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Chapter: Civil - Water Resources and Irrigation Engineering - Irrigation Engineering

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Need and Development of Irrigation in India

The average annual rainfall for India has been estimated at 1,143 mm which varies from 11,489 mm around cherrapunji in Assam (with the maximum one-day rainfall equal to 1040 mm) to 217 mm around Jaisalmer in Rajasthan. Besides, 75% to 90% of the annual rainfall occurs during 25 to 60 rainy days of the four monsoon months from June to September (2).

Need of Irrigation in India

 

 

The rainfall in India is very erratic in its spatic as well as temporal variations. The average annual rainfall for India has been estimated at 1,143 mm which varies from 11,489 mm around cherrapunji in Assam (with the maximum one-day rainfall equal to 1040 mm) to 217 mm around Jaisalmer in Rajasthan. Besides, 75% to 90% of the annual rainfall occurs during 25 to 60 rainy days of the four monsoon months from June to September (2). In addition, there is also a large variation from year to year, the coefficient of variation being more than 20% for most parts of the 20% for most parts of the country (2).

 

Erratic behaviour of the south-west monsoon is the maintdroughtscause (Table 1.0) and floods. The recent proposal (Appendix-1) of the Government of India on interlinking of some major rivers of the country is aimed at (i) increasing the utilizable component

 

of the country’s water resources,problemsofshortages andexcesses(ii)ofwaterSol in some parts of the country. Table shows the values of the approximate probability of deficient rainfall (deficiency equal to or greater than 25 per cent of the normal) for different regions (8) Dependability of rainfall is thus rather low from the agriculture point of view and storage is essential to sustain crops during non-monsoon periods and also to provide water for irrigation during years of low rainfall. For a large part of any crop season, the evapotranspiration (i.e., the water ned of a crop) exceeds the available precipitation and irrigation is necessary to increase food

 

and fibre production. About 45 per cent of agricultural production in India is still dependent on natural precipitations. The need and important of irrigation in India can be appreciated from the mere fact that the country would need to produce meet the per capita requirement of 225 kg (i.e., about one-foruth of a tonne) per year for an estimated population of 1,231 million in the year 2030.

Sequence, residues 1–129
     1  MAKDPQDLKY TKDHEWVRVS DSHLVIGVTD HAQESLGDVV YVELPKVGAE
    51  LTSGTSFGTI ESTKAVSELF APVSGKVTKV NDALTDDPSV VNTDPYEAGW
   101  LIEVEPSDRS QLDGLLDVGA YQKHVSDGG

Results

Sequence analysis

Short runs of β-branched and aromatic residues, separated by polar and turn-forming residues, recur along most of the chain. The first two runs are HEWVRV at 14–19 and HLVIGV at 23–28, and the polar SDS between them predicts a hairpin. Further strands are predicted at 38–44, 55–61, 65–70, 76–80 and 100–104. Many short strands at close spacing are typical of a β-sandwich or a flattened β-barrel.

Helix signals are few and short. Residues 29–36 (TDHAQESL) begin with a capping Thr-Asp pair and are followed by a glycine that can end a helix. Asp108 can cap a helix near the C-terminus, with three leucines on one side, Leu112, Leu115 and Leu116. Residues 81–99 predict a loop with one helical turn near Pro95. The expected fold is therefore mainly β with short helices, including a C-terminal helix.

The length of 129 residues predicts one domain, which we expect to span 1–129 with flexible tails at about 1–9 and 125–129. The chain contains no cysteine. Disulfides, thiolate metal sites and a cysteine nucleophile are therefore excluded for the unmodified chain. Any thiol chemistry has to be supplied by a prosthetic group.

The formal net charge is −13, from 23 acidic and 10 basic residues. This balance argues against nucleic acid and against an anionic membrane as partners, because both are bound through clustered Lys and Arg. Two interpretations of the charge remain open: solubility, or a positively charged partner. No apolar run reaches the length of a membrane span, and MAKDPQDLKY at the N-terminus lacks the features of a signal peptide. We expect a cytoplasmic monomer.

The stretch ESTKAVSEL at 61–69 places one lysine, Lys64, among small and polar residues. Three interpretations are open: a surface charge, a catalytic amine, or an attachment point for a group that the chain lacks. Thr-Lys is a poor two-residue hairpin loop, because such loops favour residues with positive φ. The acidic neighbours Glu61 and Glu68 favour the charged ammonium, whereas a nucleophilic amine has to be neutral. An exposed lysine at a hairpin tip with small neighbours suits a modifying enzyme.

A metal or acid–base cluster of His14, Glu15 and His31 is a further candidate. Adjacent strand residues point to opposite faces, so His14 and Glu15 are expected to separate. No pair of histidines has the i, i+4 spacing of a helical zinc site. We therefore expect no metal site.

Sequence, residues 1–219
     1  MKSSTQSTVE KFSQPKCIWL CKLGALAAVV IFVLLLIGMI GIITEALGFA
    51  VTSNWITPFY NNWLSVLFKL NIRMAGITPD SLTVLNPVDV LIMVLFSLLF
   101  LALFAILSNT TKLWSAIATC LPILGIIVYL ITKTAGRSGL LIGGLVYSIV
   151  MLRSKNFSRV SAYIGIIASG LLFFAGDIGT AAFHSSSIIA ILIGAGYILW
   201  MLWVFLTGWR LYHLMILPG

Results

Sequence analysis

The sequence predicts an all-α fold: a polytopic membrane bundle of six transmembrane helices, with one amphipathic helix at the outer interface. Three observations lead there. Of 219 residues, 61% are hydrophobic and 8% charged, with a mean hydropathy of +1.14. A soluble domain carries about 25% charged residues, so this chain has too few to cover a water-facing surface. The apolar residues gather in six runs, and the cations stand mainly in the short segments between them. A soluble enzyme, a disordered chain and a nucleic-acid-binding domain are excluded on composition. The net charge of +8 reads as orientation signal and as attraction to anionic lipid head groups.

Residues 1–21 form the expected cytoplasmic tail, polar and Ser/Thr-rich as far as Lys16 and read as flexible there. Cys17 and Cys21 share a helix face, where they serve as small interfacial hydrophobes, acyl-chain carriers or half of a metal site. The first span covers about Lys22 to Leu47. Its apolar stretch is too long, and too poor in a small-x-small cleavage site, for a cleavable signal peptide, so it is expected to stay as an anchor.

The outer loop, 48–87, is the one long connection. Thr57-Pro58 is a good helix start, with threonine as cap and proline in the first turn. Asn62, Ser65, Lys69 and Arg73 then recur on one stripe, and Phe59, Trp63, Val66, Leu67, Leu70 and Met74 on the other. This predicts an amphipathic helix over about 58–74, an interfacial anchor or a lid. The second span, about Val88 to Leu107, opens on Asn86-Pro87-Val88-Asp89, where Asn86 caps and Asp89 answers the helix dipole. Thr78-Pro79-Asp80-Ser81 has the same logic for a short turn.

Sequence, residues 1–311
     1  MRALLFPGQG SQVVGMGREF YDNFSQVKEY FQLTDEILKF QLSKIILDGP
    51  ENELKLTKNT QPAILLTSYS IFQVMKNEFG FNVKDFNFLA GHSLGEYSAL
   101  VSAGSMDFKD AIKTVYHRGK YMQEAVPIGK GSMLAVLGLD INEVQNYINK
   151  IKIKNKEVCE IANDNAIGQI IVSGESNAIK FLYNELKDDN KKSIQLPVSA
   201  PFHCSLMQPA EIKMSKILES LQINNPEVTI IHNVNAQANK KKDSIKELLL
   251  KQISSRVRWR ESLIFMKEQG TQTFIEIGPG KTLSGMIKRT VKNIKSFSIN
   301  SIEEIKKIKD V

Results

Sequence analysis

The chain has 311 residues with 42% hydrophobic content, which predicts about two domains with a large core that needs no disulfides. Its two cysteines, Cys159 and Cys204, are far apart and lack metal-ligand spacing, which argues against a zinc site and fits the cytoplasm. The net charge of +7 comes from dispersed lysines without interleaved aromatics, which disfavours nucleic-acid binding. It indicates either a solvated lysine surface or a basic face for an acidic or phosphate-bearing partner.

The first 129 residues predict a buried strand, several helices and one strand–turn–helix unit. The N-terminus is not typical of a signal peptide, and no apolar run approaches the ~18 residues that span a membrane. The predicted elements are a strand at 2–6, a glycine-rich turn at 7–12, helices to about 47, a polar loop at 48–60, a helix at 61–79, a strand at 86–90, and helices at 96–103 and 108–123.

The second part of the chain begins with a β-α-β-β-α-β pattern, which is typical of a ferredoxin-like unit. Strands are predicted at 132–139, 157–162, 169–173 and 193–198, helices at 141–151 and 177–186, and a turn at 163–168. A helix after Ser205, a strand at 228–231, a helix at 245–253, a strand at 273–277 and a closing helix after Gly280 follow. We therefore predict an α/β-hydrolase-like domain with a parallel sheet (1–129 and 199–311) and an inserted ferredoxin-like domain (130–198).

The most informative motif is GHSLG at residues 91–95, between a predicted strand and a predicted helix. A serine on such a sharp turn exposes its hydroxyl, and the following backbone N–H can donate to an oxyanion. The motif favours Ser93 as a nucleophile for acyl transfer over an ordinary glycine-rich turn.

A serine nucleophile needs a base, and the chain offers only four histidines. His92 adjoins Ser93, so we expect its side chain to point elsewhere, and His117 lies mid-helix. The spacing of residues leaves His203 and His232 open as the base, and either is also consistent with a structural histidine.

Table: Frequency of droughts in India (7)

 

Quarter      Century               1801-25                         1826-50                         1851-75                         1876-1900                     1901-50                         1926-50                         1951-75                             1976-2000

                                                                                                         

Drought Years    01,04,06,12,19,25         53,60,62,66,68,73         53,60,62,66,68,73,            77,91,99,                01,045,07,11,13,15,18,20,25,                            39,41          51,65,66,68,72,74         79,82,85,87

                                                                            

Frequency of droughts                    6                           3                           6                           3                             10                         2                           6                           4

 

 

Table Periodicity of droughts in different regions (8)

 

Region        : Recurrence of the period of deficient rainfall

 

Assam : Very rare, once in 15 years

 

West Bengal, Madhya Pradesh, Konkan, Coastal Andhra Pradesh, Maharastra, Kerala , Bihar, Orissa         : Once in 5 years

 

South interior Karnataka, eastern Uttar Pradesh Vidarbha, Gujarat,   eastern   Rajasthan,   western Uttar Pradesh, : Once in 4 years

 

Tamil  Nadu,  Kashmir,  Rayalaseema, Telengana : Once in 4 years

 

Western Rajasthan : Once in 2  years

 

In addition, the export of agricultural products earns a major part of foreign exchange. Because of vastly different climate in different parts of the country, a variety of crops are produced in India. The country exports basmati rice, cotton, fruits (mango, apple, grapes, banana etc), vegetables (potato, tomato etc). Flowers (rose etc.) and processed food products in order to earn

 

precious foreign exchange. Still further, about seventy percent of the country’s on i facilities in the country.

 

Development of Irrigation in India

 

Among Asian countries, India has the largest arable land which is close to 40 per cent of

 

Asia’s arable land (6). Only USA hasbeenmorepractised ara throughout the world since the early days of civilization. In India too, water conservation for

Augmentation of crop yields. New high yielding varieties of crops have higher water requirement for giving higher yields. Sugarcane and rice have higher requirements of water.

 

 

Exacting water requirement. The high yielding varieties of crops have more exacting requirement of water.

 

 

Cash crops cultivation. Cash crops require higher and assured supply of water with frequent watering for maturity.

 

 

Assured water supply. For successful arming, availability of water in needed quantum and at right times is very essential.

 

 

Orchards and gardens. Fruit trees grown in orchards and garden high higher requirement of water.

 


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